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Counterbalanced Hoisting at Intermediate Shaft of the Roosevelt Tunnel; May 1909

Abstracted from a 2,5-page article about various mine operations in Colorado, only taking what is about the single operation in question + forewords.

Mines and Minerals, May 1909
(page 442)
Written for Mines and Minerals, by R. L. Herrick.
Examples of ingenious Devices Used in Colorado Mines and Which Result in Great Economy of Power.

The economic advantages of balanced hoisting are so well known that wherever we find a shaft or incline with two hoist compartments, we expect to find that method in vogue as a matter of course. If, however, there is but one hoist compartment, we are apt to accept unbalanced hoisting as a necessary, if comparatively expensive, method of operation.

Any mine operator who has tried both ways of hoisting can quickly tell us how much of a saving in power, and in dollars and cents, balanced hoisting has meant to him.

Perhaps he originally operated his mine through a small shaft with only one hoist compartment. If, on the development of the mine, the tonnage warranted it, he probably went to the expense of remodeling his shaft to accommodate another hoist compartment in order to thus admit of hoisting in balance. On the other hand, suppose with the increased age of the mine, not only the available tonnage decreased till not even the one compartment was kept busy in hoisting, but the decreasing value of the ore necessitated the strictest economy to admit of a profit margin.

Perhaps no other mining region in the world offers so many examples of where native ingenuity has been applied to effect hoisting in balance or partial balance as in the state of Colorado. An attempt has been made in the following to collect some typical examples not generally known in outside districts and present the essential data for sake of comparison.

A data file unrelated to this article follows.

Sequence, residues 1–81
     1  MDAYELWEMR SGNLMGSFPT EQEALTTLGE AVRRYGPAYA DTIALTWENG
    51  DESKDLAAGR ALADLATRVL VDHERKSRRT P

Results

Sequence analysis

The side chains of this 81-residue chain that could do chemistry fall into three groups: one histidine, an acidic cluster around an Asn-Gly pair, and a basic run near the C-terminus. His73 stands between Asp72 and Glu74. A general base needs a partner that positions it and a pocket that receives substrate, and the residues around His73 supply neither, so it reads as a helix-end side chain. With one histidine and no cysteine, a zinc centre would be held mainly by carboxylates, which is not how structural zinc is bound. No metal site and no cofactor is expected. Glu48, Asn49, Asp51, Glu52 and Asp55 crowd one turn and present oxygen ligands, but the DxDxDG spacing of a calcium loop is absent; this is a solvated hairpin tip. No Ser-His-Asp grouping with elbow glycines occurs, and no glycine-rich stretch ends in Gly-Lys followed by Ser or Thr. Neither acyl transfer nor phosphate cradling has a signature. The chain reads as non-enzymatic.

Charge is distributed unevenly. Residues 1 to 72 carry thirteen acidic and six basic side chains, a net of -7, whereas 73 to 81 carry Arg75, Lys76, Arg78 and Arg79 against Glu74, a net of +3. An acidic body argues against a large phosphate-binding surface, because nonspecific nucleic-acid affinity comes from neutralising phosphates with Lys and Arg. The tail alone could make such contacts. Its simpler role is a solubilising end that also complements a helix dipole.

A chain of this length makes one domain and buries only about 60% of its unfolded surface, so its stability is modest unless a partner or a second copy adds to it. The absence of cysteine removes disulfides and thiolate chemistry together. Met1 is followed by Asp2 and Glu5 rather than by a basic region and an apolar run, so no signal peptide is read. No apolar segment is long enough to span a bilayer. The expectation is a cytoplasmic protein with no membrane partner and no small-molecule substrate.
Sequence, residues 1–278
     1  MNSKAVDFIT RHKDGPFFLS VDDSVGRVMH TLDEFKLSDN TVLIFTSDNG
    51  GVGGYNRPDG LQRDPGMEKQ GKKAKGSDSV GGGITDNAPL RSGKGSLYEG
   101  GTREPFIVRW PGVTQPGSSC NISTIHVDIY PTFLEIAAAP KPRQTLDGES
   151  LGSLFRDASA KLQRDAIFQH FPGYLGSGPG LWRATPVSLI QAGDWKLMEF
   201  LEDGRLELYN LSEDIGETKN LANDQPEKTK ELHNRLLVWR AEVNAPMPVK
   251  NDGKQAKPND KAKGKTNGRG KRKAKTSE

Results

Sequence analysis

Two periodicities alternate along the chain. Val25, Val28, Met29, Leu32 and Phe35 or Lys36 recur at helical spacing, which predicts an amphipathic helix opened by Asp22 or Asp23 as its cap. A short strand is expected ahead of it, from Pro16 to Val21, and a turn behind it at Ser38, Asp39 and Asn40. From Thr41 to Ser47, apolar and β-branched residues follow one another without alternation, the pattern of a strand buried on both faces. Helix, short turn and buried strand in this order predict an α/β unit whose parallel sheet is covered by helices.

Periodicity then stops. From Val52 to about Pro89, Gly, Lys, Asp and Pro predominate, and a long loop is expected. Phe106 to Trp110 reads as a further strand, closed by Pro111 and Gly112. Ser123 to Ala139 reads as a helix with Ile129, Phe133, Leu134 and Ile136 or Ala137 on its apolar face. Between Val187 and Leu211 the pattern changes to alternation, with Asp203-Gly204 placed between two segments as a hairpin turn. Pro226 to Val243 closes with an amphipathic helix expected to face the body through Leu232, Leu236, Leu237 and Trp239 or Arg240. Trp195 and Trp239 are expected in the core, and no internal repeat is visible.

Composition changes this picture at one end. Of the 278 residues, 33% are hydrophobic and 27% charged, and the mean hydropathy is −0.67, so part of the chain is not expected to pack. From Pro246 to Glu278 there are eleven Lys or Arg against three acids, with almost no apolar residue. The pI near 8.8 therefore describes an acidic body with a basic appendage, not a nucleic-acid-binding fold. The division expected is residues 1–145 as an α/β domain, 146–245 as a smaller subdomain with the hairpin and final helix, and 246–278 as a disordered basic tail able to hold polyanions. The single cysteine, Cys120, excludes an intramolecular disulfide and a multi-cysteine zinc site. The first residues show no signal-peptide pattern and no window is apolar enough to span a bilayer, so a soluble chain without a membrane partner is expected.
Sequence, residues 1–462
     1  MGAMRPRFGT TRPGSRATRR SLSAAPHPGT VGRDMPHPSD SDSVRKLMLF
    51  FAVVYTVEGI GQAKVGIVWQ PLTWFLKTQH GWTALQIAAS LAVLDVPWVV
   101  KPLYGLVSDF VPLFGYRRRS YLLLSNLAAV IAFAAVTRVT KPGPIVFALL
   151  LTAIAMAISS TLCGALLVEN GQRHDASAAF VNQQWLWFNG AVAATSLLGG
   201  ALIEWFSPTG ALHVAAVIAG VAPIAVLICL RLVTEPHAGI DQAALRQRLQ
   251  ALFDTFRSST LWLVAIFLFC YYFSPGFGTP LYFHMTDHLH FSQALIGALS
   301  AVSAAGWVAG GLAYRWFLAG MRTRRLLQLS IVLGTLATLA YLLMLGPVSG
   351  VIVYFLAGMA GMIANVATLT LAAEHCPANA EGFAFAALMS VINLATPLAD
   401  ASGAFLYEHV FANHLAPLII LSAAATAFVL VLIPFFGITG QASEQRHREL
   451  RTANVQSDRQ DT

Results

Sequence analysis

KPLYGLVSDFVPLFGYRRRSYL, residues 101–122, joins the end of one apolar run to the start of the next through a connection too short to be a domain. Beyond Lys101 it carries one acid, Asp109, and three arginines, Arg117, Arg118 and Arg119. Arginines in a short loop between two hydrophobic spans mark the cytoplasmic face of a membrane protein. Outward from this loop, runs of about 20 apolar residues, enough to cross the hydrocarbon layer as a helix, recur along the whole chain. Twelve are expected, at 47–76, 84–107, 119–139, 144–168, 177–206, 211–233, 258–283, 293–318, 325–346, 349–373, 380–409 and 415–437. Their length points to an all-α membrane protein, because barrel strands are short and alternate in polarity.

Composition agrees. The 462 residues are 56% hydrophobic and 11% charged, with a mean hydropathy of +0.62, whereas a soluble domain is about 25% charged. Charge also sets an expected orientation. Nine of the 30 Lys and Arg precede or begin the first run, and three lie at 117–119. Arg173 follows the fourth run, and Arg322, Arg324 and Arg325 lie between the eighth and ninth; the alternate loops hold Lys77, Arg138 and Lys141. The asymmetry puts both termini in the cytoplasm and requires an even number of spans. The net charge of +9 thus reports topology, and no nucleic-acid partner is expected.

Intermediate-Shaft Water-Tank Counterweight.

Figure 2
Figure 2 -> NOT part of this article, sourced from Fig. 6 in the April 1909 Article referenced.

This device has already been described and illustrated in another article* but for convenience, the essential data are here repeated.

The intermediate shaft sunk on the Roosevelt drainage tunnel, about midway between the portal and the El Paso shaft, is 685 feet deep. It is 5 ft. X 10 ft. in the clear, having two compartments, a skipway 5 ft. X 5 ft. and a ladder and pipeway 5 ft. X 4½ ft.

The automatic dumping skip weighs, empty, 2,000 pounds, and full of rock weighs 5,600 pounds. The rock mucked in the El Paso heading of the tunnel will be hoisted to the surface in the skipway by the weight of the descending water-tank counterweight, already installed.

This tank, which runs in the ladderway compartment, is 12 feet long, 50 inches deep and 20 inches wide. Empty it weighs 2,250 pounds while full it weighs 7,986 pounds. The weight of the ½-inch cable is 600 pounds. The water tank is filled from a reservoir tank of equal capacity and when the skip is loaded with rock below, it is hoisted to the surface and automatically dumped.

This arrangement is planned to make a round trip of 1,370 feet in 5 minutes. Arrived at the tunnel level, the water is automatically discharged through a bottom valve into the drainage ditch. In starting to raise the 5,600 pounds of the loaded skip plus the 600 pounds of rope, the hoist is aided by the 7,986 pound weight of the water tank, while in lowering the skip, its 2,000 pounds weight is opposed by the 2,850 pounds combined weight of the empty tank and rope.

In hoisting the skip a 75-horsepower electric motor, geared to the double-drum hoist, furnishes just enough power to start the arrangement well under way, after which the power is shut off and the operation kept under control through the brakes of the hoist. In lowering the skip the peak load on the motor is but 850 pounds.

This apparatus, like that at the Findley Mine, was built and installed by the Pioneer Foundry and Machine Co., following out the ideas of Mr. A. E. Carlton.


* "Driving the Roosevelt Tunnel." See MINES AND MINERALS, April, 1909.